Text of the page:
So last Thursday I attended a scotch tasting held at Gomer's Midtown to promote the products of The Arran Malt
, produced on (oddly enough) the Isle of Arran, which sits in the bay between Prestwick and Campbelltown off the west coast of Scotland. The distillery was started in 1995. As the distributor rep who was hosting the event explained, Arran had dozens and dozens of distilleries in the early 1800s, but they lacked that certain jenny say quoits known as licensing from the Crown. So the revenoors came in and shut them all down, until now.
To get the brand name out while waiting for the whisky to mature, the owners had a blend and a single malt made for them. We started out with them:
1 -- Lochranza (the name of the town where the distillery is located). A quiet, not particularly impressive blend. Not the worst I've had, but nothing to write home about.
2 -- Robert Burns. "Silver Medal Winner and Best In Class at the IWSC 2007," it is described on the website as an "aperitif whisky." It is quite light, both in taste and color (no coloring agents added to any of their products).
At this point, we were served the first of the actual Arran Malts. It was mentioned in passing that Arran does not use peat to roast the malted barley. A number of the 30 or so people there (myself included) reacted in shock. This seemed a radical break with tradition that should be emphasized.
3 -- Arran Chill-Filtered single malt. This is an undated whisky (the rep said it was either 3 or 5 years old, and was released at the behest of the accountants to help build the brand while the 10 y.o. was maturing). Light, a bit rough (though not as much as I was expecting), but not particularly impressive.
4 -- Arran Unchill-Filtered. The same whisky, the difference being it wasn't chill-filtered (a process that removes fats, esters and other byproducts by chilling the whisky until they solidify and separate out). Holy crap on a stick! I would not have believed 3 and 4 were from the same distillery, much less the same whisky. Much more rounded and robust flavor. Still a bit rough, but light years better than its brother.
The rep said that chill filtering became popular because consumers who liked their whisky on the rocks found the cloudiness the occured as unchill filtered whisky became cold unappealing. Get a freakin' life, or stick to a blend (note: actual Scottish spring water was provided to add to the whisky, which they purchased at Target. The addition of a few drops did significantly improve all of the whiskys tasted).
5 -- Arran 10 y.o. single malt. My notes just say "lovely." The brochure talks about vanilla notes and all the usual stuff. It tasted good, went down smooth.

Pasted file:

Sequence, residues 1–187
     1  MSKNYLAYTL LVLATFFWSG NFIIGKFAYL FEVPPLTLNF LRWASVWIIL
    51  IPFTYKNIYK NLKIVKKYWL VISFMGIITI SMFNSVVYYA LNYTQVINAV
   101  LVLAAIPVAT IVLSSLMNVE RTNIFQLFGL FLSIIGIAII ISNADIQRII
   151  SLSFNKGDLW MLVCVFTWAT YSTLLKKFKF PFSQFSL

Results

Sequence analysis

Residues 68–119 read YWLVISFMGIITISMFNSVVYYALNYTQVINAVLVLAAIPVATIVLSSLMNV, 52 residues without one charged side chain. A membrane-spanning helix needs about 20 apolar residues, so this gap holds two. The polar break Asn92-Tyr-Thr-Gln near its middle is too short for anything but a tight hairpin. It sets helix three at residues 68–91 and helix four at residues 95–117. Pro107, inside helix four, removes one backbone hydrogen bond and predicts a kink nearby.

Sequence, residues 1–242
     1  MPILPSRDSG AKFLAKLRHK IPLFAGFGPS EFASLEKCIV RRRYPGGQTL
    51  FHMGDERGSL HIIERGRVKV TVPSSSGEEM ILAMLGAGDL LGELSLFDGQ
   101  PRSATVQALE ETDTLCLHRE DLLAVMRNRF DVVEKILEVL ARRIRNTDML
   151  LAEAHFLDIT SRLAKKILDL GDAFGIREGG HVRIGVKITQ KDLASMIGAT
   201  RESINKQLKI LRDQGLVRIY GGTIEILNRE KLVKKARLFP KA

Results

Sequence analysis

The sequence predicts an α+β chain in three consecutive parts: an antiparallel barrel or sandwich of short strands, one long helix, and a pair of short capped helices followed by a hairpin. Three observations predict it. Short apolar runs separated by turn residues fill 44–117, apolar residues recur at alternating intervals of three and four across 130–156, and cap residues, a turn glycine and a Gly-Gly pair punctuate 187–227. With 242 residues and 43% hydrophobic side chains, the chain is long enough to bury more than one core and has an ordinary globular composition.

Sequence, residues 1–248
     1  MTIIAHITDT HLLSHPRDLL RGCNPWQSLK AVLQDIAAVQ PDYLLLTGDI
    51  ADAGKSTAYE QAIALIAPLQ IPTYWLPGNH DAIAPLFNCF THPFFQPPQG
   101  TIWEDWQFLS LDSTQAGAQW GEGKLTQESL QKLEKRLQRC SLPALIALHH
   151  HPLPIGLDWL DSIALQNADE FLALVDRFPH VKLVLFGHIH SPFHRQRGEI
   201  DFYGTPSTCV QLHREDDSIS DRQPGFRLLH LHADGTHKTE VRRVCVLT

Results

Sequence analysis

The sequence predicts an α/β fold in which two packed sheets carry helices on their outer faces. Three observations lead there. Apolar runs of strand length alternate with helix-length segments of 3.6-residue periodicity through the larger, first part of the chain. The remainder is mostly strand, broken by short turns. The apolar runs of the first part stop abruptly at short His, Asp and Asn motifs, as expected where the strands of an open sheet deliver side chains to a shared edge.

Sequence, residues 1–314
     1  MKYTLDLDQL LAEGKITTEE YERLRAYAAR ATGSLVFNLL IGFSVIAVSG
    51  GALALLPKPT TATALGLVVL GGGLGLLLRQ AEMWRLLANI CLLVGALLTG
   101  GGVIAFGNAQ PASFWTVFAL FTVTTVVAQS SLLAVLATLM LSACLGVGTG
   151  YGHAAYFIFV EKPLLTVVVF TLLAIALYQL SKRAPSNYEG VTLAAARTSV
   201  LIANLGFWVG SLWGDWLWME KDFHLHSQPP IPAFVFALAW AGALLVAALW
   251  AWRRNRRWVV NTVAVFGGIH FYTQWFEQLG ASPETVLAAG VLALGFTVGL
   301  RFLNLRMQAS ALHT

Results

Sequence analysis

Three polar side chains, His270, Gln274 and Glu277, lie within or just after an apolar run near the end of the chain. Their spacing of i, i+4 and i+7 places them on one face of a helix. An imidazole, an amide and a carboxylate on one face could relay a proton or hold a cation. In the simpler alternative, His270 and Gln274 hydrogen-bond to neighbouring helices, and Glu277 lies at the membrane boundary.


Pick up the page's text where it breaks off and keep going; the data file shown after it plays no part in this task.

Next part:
6 -- Ledaig 10 y.o. Served as a contrast to the Arran, Ledaig is distilled on Mull, an island north of Islay and Jura, and has a nice peaty flavor, but not so much that it tipped into the oiliness of Lagavulin (not that there's anything wrong with Lagavulin, mind). It was interesting to compare the two.
At this point, they got into the specialty malts of Arran. They have several different ones, with more on the way. All of these are 8 y.o. whiskys that are finished for various periods of time in the specified casks.
7 -- Burgundy finish. Didn't get the specifics of the burgundy, but this is one damn fine whisky. The burgundy adds a wonderful depth and smoothness to the whisky.
8 -- Napoleon Cognac finish. This one was a bit harsh to me, though a number of other tasters thought it was the best in show.
The evening finished with another specialty whisky from the same distributor, though not an Arran product
9 -- Islay Vatting, 10 y.o. A blend of whiskys from all the Islay distilleries, it had a nice smokiness to it and a very good taste. One of the participants bought five bottles.
So, at the end, they revealed the prices. Not surprisingly, No. 1 was the cheapest, at $23.50. The Burns was $45, and the Ledaig and Islay Vatting were each $50. 3 and 4 (which have been discontinued), were $39. The Arran 10 y.o. was $52. All of the special finishes were $92, including a port cask finish that wasn't part of the official tasting and was quite excellent.
My rankings: 7, 6, 4-5 (tie), 2-8-9 (tie), 3, 1. I recommend Arran to anyone who likes good whisky. The lack of peat gives the products a lighter and different taste spectrum. Those who dislike the smokiness of scotch might give this one a try.
Arran is (their description) a boutique distillery. The distribution of most of the products is on the order of two 6-bottle cases per state .There was a mad dash by folks to place orders, and I was fortunate enough to get on the list for the unchill filtered when the next shipment came in. So today, in the midst of a truly hellish day at work (the Nelson-Atkins gallery will have a major showing of Chinese art starting Oct. 6; we're doing much of the signs and banners for it) my phone rang, and the nice guy from Gomer's told my he had a bottle with my name on it at the store. Now, as I said at the beginning, I just need to come up with $39.